Arsht-Rock launches second year of categorizing and naming heat waves in Seville, Spain

Source(s): Adrienne Arsht-Rockefeller Foundation Resilience Center
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Today, the Adrienne Arsht-Rockefeller Resilience Center (Arsht-Rock) launched the second year of proMETEO Sevilla, its naming and categorization pilot for heat waves in Seville, Spain. The pilot categorizes heat waves based on their expected health impacts, with special emphasis on their impact on at-risk communities.

The system was designed and tested during the summer of 2022 by Arsht-Rock, in collaboration with the University of Seville and Seville City Council. In the second year of the pilot, Arsht-Rock and its partners will continuously monitor data and send information about dangerous heat episodes and heat waves to increase the public’s awareness of extreme heat and to encourage public administrators to prioritize heat wave responses. The pilot will position Seville as an urban laboratory for resilience in the face of climate change.

The proMETEO Seville categorization system monitors and examines the weather forecast based on local, historical meteorological data, as well as health and mortality data to determine when heat becomes dangerous. Arsht-Rock’s team of experts developed an algorithm that analyzes heat episodes and identifies the possible risks and health impacts based on key variables, including: maximum temperature; minimum temperature (especially nighttime temperatures); relative humidity; the duration of the heat episode; and the meteorological data in the 30 days preceding it.

Under the categorization system, extreme heat episodes will be categorized according to their possible health impacts, The system will then classify the heat wave into one of five levels: very high risk, high risk, medium impact, medium-low impact, and no impact. Heat waves with the greatest potential impact will be named in descending order from the last to the first letter of the Spanish alphabet. The predesignated names for this year’s possible heat waves are Yago Sevilla and Xenia Sevilla, which follow last year’s Heat Wave Zoe, which was named before the July 24th to 26th heat wave.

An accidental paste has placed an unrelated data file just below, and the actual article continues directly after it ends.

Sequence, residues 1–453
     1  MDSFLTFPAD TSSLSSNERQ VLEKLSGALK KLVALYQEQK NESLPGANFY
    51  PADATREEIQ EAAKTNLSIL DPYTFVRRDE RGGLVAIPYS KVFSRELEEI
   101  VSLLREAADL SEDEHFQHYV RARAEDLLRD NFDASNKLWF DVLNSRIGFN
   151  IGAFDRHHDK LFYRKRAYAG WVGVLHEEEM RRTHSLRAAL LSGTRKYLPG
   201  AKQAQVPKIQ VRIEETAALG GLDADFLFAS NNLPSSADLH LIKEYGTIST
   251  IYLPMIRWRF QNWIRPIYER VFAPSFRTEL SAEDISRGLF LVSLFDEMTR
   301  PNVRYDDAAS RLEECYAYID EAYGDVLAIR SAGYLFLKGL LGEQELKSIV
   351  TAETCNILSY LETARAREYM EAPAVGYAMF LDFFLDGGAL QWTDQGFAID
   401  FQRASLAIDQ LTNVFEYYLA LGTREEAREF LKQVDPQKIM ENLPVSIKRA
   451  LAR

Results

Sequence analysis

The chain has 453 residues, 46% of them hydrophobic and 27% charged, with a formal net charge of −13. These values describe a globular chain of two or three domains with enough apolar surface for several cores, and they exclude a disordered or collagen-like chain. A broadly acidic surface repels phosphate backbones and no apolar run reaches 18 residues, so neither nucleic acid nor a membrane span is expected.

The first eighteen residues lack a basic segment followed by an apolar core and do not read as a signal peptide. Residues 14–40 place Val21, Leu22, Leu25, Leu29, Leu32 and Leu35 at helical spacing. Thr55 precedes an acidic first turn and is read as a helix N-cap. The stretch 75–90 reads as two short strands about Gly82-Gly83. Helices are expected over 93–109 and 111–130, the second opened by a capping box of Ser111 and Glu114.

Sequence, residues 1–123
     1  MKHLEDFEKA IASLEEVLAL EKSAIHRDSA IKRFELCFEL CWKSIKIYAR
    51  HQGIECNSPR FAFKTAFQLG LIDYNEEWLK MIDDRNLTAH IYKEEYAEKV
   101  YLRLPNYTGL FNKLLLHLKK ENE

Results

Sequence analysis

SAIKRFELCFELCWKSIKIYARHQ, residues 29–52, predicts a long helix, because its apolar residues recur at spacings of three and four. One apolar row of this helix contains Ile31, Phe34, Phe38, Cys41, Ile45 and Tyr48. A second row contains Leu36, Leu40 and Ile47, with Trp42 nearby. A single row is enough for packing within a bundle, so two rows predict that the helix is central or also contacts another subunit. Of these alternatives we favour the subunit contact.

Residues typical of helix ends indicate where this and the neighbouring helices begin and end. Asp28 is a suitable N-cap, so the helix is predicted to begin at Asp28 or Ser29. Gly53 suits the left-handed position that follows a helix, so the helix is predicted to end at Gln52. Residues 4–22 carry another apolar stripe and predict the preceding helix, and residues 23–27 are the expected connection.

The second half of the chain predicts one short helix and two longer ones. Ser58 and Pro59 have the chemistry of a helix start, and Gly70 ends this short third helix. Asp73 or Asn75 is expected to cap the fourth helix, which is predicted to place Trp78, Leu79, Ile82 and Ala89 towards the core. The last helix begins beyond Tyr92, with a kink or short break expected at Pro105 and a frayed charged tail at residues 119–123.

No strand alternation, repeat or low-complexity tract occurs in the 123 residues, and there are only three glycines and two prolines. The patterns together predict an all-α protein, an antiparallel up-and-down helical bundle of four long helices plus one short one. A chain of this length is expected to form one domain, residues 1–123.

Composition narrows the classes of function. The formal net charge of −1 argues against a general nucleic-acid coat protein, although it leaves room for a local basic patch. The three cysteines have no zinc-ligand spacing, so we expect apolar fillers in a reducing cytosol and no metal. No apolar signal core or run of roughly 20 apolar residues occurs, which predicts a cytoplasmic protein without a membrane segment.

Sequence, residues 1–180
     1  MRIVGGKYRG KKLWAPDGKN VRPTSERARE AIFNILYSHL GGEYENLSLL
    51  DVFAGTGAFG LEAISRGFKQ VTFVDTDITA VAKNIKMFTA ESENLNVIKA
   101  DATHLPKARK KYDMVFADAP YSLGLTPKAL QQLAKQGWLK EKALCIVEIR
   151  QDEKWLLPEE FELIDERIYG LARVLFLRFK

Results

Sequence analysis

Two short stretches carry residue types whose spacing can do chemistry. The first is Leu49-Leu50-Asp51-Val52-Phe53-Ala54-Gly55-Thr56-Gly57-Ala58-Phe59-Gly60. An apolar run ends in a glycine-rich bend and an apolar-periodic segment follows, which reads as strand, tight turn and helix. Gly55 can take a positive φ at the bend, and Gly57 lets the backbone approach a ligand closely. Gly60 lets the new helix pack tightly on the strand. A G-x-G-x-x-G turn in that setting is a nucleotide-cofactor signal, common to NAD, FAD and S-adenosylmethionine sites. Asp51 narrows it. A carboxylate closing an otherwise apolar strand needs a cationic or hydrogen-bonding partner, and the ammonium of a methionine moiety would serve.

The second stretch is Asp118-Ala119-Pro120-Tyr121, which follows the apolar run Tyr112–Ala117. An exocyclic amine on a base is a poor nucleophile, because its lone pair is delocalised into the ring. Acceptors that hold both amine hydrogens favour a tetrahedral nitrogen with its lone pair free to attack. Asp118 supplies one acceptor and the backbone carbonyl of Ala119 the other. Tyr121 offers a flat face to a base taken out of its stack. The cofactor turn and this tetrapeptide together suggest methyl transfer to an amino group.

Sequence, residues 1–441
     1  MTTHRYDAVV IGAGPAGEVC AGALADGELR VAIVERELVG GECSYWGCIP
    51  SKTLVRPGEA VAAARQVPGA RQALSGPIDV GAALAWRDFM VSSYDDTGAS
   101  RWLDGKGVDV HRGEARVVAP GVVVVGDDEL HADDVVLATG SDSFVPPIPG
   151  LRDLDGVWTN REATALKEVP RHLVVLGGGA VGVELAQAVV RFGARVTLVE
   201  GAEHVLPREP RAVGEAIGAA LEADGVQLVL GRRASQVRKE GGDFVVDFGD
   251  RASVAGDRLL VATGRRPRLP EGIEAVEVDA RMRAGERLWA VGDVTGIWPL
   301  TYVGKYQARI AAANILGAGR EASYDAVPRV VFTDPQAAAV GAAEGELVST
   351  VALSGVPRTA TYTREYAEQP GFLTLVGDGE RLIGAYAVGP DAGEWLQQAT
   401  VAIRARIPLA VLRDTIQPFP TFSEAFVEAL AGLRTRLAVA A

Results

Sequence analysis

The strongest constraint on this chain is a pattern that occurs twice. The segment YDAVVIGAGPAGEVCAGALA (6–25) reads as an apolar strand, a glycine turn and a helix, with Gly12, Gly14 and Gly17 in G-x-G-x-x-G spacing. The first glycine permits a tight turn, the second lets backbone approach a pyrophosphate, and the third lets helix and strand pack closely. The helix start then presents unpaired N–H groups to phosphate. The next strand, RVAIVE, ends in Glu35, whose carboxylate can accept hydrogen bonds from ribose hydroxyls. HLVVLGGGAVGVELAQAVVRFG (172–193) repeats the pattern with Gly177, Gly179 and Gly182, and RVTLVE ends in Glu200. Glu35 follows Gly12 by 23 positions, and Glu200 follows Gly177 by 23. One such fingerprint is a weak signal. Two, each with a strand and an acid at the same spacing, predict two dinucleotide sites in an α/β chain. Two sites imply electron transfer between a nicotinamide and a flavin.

New methods of communication and coordination

This summer, the Seville City Council, through its Health, Urban Habitat and Citizen Participation branches, will link early response measures to each heat wave category. They will improve early warning systems and heat wave notifications, and provide extreme heat education in senior living communities and other spaces with high concentrations of vulnerable groups. The City Council will also refine proMETEO’s website and social platforms to better share recommended preventive and protective measures for high risk individuals (people over 65 years of age, pregnant women, children and infants, people with pre-existing medical conditions or chronic diseases, dependents, or marginalized groups). The publications will also emphasize that no one is immune to extreme heat; even the youngest and most physically fit people can be severely affected by high temperatures.

The forefront of climate resilience

The proMETEO pilot project places Seville at the global forefront of the fight against climate change. It is predicted that heat waves will negatively impact 75 percent of the global population in the next century if no action is taken. The City of Seville wants to address one of the most important challenges humanity faces today with real, actionable measures. The proMETEO Seville pilot project represents an opportunity to create a city that is prepared to withstand climate-driven extreme heat.

Seville, alongside Athens (Greece) and Santiago (Chile), is working with the Adrienne Arsht-Rockefeller Foundation Resilience Center to categorize heat waves. These cities are committed to protect their communities, economies, and infrastructure from the consequences of climate-driven extreme heat.

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